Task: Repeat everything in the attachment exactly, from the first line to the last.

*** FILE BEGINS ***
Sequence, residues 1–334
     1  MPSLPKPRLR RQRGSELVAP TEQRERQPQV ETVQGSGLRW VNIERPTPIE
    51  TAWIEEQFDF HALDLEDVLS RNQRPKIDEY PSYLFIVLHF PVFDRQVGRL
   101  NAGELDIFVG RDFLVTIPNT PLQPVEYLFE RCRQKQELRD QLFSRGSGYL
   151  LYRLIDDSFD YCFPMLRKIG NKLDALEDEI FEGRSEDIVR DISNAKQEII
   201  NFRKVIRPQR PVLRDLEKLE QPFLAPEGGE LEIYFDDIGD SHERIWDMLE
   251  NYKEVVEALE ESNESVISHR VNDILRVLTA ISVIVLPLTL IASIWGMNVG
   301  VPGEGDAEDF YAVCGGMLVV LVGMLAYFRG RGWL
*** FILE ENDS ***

Sequence, residues 1–334
     1  MPSLPKPRLR RQRGSELVAP TEQRERQPQV ETVQGSGLRW VNIERPTPIE
    51  TAWIEEQFDF HALDLEDVLS RNQRPKIDEY PSYLFIVLHF PVFDRQVGRL
   101  NAGELDIFVG RDFLVTIPNT PLQPVEYLFE RCRQKQELRD QLFSRGSGYL
   151  LYRLIDDSFD YCFPMLRKIG NKLDALEDEI FEGRSEDIVR DISNAKQEII
   201  NFRKVIRPQR PVLRDLEKLE QPFLAPEGGE LEIYFDDIGD SHERIWDMLE
   251  NYKEVVEALE ESNESVISHR VNDILRVLTA ISVIVLPLTL IASIWGMNVG
   301  VPGEGDAEDF YAVCGGMLVV LVGMLAYFRG RGWL